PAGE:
I have been watching Ken Burn’s documentary on Prohibition. The Temperance Movement saw all alcohol consumption as damnable. It was clear– heaven or hell, saints or sinners, intoxication or abstinence.The beer above is Unibroue’s Maudite (the Damned). Some buddies and I enjoyed this last week. One of my bucket list items is to get to the Belgian-Styled Unibroue Brewery in Quebec. Quebec is a heck of a lot closer than Belgium. Not in favor of using demonic allusions, though.
First, I want to get something off of my chest: If I hear one more pseudo-sophisticate utter “You can’t legislate morality” I might just punch the TV. Murderers, Rapists, Child Molesters, maybe we should apologize for legislating morality on you. Please forgive us. The point of Prohibition is that society cannot legislate morality if it is not definitively immoral. Drinking alcohol can be wrong, it can be right. Depends on how much. Drunkenness is a sin. Drinking alcohol in moderation, not a sin. There is no doubt that drunkenness was a social problem before, during, and after Prohibition. There are a lot of reasons for this that I really don’t have the time to expound upon.
Briefly…hard lives, hard work, hard places…the desire to deaden the pain and promote pleasure. It ran amok as all pursuit of excessive pleasure does.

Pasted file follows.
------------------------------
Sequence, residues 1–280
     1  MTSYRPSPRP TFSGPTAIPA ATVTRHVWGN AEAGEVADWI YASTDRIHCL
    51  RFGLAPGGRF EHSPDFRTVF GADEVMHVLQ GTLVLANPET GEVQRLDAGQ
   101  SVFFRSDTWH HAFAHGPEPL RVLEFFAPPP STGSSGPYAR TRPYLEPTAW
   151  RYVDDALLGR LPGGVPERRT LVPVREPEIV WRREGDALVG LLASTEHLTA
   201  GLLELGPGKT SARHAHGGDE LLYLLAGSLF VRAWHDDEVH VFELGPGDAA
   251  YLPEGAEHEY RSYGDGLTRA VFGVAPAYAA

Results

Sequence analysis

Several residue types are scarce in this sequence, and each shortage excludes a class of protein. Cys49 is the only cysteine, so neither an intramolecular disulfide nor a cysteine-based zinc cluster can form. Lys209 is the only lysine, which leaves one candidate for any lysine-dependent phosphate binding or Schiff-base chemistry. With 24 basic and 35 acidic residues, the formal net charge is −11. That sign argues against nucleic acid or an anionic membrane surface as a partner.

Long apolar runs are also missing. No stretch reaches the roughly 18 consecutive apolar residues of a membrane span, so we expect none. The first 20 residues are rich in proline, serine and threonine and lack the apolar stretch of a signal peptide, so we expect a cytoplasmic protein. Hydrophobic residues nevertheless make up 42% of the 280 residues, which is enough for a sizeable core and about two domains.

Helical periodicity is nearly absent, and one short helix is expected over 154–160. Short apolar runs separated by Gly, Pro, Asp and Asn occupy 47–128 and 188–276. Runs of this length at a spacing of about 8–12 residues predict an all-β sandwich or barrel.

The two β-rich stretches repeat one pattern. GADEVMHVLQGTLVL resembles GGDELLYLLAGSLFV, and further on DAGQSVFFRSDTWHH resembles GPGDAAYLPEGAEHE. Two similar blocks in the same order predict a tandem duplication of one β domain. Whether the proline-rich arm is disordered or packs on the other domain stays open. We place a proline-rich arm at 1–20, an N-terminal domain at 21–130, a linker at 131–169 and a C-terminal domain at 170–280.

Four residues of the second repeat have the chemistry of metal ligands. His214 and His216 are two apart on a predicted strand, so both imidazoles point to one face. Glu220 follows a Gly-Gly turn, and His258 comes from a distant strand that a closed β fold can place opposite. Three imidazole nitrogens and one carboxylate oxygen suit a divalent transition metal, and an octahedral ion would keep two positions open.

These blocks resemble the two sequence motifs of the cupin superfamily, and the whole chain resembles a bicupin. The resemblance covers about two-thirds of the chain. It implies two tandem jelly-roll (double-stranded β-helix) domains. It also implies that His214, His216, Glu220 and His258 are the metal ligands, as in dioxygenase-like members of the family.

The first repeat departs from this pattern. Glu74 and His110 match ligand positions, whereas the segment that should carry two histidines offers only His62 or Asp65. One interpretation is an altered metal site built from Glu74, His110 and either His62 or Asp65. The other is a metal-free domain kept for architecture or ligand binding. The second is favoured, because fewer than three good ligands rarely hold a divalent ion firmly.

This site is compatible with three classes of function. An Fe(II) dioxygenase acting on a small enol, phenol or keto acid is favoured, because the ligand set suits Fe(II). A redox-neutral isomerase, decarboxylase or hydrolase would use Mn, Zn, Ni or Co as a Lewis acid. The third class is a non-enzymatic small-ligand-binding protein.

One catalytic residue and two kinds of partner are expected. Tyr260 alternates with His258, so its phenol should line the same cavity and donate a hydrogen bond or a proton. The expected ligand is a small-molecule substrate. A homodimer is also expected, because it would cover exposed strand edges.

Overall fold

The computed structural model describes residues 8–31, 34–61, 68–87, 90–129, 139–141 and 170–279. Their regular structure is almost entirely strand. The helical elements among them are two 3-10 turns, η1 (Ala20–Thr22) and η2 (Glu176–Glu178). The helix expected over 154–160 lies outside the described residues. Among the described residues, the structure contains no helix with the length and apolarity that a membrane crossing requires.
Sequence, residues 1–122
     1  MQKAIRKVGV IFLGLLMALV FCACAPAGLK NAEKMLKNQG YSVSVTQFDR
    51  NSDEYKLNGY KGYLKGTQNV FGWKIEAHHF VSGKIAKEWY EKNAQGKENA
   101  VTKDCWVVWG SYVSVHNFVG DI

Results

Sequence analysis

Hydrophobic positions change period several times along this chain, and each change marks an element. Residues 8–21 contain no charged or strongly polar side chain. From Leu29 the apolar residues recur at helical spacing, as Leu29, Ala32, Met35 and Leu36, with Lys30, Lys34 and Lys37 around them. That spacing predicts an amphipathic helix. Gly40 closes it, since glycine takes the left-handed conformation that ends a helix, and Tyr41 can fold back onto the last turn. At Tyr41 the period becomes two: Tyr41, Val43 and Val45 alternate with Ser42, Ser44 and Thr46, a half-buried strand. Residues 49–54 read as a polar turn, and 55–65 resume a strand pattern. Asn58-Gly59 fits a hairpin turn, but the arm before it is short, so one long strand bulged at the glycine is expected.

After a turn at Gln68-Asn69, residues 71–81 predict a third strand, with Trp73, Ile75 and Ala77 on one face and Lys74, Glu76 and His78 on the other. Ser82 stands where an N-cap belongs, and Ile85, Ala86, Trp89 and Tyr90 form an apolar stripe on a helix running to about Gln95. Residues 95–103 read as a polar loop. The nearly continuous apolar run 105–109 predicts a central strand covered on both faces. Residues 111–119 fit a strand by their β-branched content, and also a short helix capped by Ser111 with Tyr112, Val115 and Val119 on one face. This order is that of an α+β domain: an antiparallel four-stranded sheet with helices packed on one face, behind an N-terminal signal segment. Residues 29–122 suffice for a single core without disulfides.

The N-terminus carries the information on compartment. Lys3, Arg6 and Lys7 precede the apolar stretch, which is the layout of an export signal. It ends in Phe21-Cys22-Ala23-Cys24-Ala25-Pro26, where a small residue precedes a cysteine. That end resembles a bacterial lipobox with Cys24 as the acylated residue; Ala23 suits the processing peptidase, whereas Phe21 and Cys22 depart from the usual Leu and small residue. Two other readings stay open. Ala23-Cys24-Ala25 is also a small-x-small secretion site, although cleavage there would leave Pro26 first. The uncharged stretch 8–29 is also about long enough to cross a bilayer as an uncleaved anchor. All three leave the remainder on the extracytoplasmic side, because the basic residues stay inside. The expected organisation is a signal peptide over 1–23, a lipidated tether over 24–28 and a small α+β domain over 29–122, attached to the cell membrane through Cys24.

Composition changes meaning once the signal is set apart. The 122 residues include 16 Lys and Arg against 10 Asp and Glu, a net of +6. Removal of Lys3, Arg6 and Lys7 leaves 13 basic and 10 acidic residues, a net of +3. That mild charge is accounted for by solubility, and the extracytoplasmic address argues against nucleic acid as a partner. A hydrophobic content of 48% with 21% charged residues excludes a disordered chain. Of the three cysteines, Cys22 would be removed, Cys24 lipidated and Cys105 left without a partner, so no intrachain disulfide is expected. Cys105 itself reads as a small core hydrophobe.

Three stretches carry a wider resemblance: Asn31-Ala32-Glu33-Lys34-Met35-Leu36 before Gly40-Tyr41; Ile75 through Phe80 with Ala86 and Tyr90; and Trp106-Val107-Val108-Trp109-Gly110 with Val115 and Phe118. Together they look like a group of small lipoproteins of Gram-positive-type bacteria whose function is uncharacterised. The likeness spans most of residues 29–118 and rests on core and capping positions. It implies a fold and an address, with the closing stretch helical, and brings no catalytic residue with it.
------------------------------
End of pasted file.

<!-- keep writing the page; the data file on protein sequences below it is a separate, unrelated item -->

Although legislating morality is not as black and white as the purists still presume, there is little doubt that stupidity can be legislated. Prohibition aimed too high and as a result created a de facto industry of law-breaking below…it sought to use law to change hearts. Better to change hearts and the law will follow. One of the cardinal rules of this jurisprudence is never create a law that cannot be enforced. All that happens is it takes a gray area and puts it into the black market. In trying to create heaven, it ushered in hell.
The rule of Not too much, by temperance taught. In what thou eat’st and drink’st.
- John Milton, Paradise Lost, Book XI, line 531.